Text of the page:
Representatives from 21 Asian nations signed a memorandum of understanding on Friday to establish a China-backed international bank for Asia, according to media reports. However, a number of countries whose membership was sought by China, including Japan, South Korea, Indonesia and Australia, were reportedly absent from the ceremony in Beijing.

The Asian Infrastructure Investment Bank, or AIIB, which was proposed by Chinese President Xi Jinping in 2013, reflects China’s desire to counter the perceived hegemony of lenders like the World Bank and the Asian Development Bank, which emerging markets have come to regard as the preserve of developed nations of the West. According to media reports, China is expected to provide most of the initial $50 billion in capital for AIIB, which is relatively small compared to the World Bank's $220 billion and the ADB's $175 billion.

“We hope that through our joint efforts we can build the AIIB into a professional and efficient financing platform for infrastructure,” Chinese Finance Minister Lou Jiwei reportedly said during the ceremony, which was attended by delegates from countries like India, Singapore, Malaysia and Thailand.

The United States has opposed the creation of the bank because American officials feel it could work against the purpose of existing international banks by undermining lending standards. U.S. Treasury Secretary Jacob Lew, had, earlier this month, raised concerns about whether the proposed bank would adhere to international lending norms such as those followed by the World Bank.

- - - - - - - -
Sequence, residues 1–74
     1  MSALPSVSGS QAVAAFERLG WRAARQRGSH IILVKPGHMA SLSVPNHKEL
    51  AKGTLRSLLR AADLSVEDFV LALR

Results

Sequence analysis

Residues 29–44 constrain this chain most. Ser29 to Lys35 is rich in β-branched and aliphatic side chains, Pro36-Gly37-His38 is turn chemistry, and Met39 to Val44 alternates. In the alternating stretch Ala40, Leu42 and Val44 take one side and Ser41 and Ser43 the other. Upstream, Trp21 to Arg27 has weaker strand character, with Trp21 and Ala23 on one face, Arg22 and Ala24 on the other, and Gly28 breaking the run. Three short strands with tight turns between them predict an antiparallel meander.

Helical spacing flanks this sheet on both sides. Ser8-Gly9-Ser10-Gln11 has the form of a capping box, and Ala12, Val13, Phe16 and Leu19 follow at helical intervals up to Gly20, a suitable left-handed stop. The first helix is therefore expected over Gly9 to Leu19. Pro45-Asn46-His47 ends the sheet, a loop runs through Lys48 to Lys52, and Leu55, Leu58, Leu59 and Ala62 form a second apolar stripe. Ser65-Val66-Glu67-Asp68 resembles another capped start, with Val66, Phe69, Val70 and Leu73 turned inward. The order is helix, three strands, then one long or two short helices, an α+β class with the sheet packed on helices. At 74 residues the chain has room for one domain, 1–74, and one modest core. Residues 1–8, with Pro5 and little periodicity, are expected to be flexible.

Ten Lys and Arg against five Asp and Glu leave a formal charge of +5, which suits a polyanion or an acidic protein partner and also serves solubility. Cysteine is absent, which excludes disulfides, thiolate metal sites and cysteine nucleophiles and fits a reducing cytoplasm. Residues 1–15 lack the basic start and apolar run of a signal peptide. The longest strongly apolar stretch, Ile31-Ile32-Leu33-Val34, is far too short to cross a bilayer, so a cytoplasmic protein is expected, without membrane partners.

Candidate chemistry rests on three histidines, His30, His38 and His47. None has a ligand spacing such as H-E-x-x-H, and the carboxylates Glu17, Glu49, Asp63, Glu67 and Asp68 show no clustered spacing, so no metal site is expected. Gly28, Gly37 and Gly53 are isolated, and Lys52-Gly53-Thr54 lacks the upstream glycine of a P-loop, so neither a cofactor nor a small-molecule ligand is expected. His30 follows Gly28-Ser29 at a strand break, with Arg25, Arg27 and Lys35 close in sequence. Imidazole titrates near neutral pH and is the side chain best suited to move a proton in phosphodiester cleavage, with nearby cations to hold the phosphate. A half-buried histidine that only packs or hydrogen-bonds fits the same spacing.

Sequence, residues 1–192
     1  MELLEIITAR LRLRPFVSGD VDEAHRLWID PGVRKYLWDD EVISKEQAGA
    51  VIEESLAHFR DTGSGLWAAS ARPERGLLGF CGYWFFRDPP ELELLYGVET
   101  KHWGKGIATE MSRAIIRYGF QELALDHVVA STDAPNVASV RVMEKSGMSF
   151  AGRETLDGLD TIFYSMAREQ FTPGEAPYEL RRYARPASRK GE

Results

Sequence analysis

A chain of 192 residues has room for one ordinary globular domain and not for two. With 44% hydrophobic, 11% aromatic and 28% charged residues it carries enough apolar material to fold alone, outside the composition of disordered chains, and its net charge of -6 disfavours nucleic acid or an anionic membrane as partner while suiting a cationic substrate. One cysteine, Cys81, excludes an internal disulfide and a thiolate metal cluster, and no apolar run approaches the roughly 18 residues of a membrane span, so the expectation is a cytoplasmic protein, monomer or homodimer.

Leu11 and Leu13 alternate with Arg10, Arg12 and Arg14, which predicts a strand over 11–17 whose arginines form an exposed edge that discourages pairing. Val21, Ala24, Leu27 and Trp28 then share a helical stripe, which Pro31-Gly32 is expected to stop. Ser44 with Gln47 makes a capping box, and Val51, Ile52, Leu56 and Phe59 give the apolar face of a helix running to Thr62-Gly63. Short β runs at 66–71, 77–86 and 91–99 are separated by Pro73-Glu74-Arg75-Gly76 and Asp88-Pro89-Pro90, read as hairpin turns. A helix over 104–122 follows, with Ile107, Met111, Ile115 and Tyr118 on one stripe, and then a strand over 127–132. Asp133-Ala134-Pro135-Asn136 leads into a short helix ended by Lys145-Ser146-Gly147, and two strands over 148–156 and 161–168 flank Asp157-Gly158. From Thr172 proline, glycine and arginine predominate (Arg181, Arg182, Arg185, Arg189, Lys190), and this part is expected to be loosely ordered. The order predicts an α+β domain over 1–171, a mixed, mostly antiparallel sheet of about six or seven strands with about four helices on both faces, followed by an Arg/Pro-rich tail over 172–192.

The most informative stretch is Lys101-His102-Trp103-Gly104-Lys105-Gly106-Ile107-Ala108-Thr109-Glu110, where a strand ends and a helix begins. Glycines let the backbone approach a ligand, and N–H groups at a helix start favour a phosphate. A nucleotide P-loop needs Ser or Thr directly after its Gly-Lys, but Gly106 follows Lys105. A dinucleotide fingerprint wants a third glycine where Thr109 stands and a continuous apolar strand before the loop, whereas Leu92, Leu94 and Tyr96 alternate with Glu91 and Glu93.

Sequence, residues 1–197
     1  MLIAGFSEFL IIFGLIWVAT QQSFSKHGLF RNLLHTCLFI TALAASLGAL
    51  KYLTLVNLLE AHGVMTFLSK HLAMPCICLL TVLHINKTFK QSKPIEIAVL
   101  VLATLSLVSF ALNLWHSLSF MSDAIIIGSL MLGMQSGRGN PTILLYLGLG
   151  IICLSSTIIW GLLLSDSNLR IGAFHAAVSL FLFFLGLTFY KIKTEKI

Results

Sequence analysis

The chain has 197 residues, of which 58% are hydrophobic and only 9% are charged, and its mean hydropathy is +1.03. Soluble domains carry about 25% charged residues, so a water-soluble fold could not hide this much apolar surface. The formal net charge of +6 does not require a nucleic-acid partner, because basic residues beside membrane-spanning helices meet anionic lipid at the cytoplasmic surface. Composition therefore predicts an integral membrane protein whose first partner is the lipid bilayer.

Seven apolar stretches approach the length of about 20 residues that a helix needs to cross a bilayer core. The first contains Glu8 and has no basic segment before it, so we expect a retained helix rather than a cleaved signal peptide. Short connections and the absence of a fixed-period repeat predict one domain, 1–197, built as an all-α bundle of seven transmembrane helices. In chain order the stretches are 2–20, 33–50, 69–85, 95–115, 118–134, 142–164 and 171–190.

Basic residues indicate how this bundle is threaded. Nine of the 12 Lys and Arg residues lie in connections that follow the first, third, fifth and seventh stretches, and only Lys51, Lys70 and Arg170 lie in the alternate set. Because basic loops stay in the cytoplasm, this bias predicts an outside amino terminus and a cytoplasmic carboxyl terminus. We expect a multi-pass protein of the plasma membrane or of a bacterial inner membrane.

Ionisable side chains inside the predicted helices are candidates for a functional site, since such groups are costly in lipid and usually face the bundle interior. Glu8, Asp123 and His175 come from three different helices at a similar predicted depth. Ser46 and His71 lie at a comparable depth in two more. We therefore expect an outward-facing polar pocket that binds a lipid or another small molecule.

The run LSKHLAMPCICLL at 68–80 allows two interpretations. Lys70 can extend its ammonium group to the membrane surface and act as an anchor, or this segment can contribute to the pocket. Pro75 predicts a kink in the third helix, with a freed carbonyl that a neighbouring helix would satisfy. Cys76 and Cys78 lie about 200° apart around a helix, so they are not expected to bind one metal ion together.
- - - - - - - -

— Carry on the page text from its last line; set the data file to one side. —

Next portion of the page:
“The critical question is, ‘Do they follow the same kinds of practices that are working to help economies grow and to maintain strong and stable foundations?’”Lew said, according to media reports.

However, Xi, speaking to delegates after the signing, sought to dispel these concerns. “For the AIIB, its operation needs to follow multilateral rules and procedures…we have also to learn from the World Bank and the Asia Development Bank and other existing multilateral development institutions in their good practices,” he reportedly said.

Heads of the World Bank and ADB also welcomed the move, reportedly stating that it would “substantially boost” the funding available to developing nations in Asia.